Part 4: Genocide and How to Cure It
But if this theory explains most of the idiosyncrasies of the Trial, one stubbornly remains, namely the wobbly ethos of Genocide. This goes well beyond the already discussed problems of intervention and of what the supposed goals of the Trial are. It's made clear that the accusation of genocide is considered more or less absolute by the Time Lords. Indeed, even the fact that the genocide of the Vervoids was necessary to prevent a genocide of humanity is deemed wholly irrelevant to the judgment. And then a wholly unrelated matter - the Doctor chasing his own evil self into the Matrix - is deemed reason to just dismiss the charges. (And not, as one might think, reasons to just have him executed on the grounds that he was, after all, also the one who tried to kill them all - so much for his defense of "I improve in the future," clearly.)
I am, in this case, not particularly interested in explaining away the moral reasoning behind this. We have, after all, already concluded that the court has no moral reasoning as such beyond a fealty to the regime that gets overthrown by the end of the story. (Though the fact that the Doctor just casually turns Gallifrey over to the Inquisitor is puzzling, given this assumption. One supposes that she showed more independence than anyone else involved in the trial, but surely someone who was actually involved in the popular uprising on Gallifrey would be preferable. Then again, perhaps the Doctor doesn't seriously think that his off-Gallifrey endorsement is going to carry any weight and is simply trying to appease the Inquisitor's obvious lust for power before slipping away from this nuthouse.) Rather, I'm interested in sorting out the larger question of what the show's ethics on this subject are.
Obviously the show broadly sides with the Doctor. So the fact that he wiped out the Vervoids is clearly intended to be acceptable. But this stands in contrast with, really, almost everything else the Doctor has ever done. The most obvious thing to contrast it with is the legendary "have I the right" speech from Genesis of the Daleks. But here the Doctor seems to not even consider the question, both at the time and in presenting the evidence, where he seems blindsided by the accusation of genocide.
There are moments throughout the Saward-edited era in which the Doctor seems to tip over into ethical danger zones. But for the most part these are isolated moments in which the series takes the wrong tone - the inappropriate banter at the deaths of Shockeye or the guards in Vengeance on Varos, for instance. So it's ironic that the moment after Saward's departure is the point where the Doctor finally does just plow over the line.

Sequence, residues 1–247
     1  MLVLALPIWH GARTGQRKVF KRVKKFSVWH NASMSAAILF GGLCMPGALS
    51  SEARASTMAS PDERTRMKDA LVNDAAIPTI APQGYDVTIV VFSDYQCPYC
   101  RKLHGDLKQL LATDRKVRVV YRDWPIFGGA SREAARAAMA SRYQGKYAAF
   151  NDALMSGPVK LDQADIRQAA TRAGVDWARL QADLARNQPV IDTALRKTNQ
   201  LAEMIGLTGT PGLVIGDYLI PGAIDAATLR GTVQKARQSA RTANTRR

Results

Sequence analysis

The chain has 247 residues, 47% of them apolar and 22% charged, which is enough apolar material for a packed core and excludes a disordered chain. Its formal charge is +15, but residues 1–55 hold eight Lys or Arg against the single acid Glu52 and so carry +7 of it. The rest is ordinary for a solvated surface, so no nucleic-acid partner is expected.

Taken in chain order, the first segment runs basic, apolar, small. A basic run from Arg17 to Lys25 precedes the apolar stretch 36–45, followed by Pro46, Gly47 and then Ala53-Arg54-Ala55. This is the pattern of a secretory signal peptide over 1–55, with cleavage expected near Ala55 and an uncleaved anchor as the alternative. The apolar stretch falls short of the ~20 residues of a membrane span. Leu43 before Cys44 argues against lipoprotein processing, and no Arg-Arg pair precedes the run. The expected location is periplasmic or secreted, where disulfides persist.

Admittedly, buried deep in the script is something approaching a reasoning for why the Doctor is in the right. It's stressed that both the Vervoids and the crew are acting on instinct, and before hatching his plan the Doctor suggests that this consists of a breaking of the cycle - that the Doctor's plan constitutes not raw instinct but a different approach. His plan is explicitly positioned as giving the Vervoids their entire life cycle at top speed. In other words, it's better than killing them because it's a natural process. (This gels well with the Bakers' love of the "science gone mad" theme.)
But even if the script seems to think this, the fact remains that it's out of line with the reasoning of the rest of the series. Especially given how much the Doctor stresses his empathy for the Vervoids and how they're only following instinct. Casual genocide is bad enough, but for him to engage in casual genocide a few lines after mounting a defense of the Vervoids is one of the most callous and distressing moments of the series.
Then again, let's remember what future these events seem to come from - one where the Doctor does, in fact, become the Valeyard. Given that we don't want to discard free will, we have to take this as a possible future for the Doctor. In which case there's a compelling, if inadvertent sense to all of this. The Doctor is, going into the Trial, on track to become the Valeyard, as evidenced by his failure to realize the horror of what he does in Terror of the Vervoids. And the rewriting of time that occurs at the end of all of this constitutes a turning away from this future towards something better. This is, at last, the moment of exorcism.
Part 3: The First Law of Time
The First Law of Time is, we have been told, the prohibition on crossing your own timestream. Back in the Mysterious Planet the Valeyard accused the Doctor of transgressing this law. That line, as delivered, seemed to imply a different first law - the usual "meddling" accusation - but the line as written gives just enough wiggle room that it is worth entertaining the possibility of consistency with the past.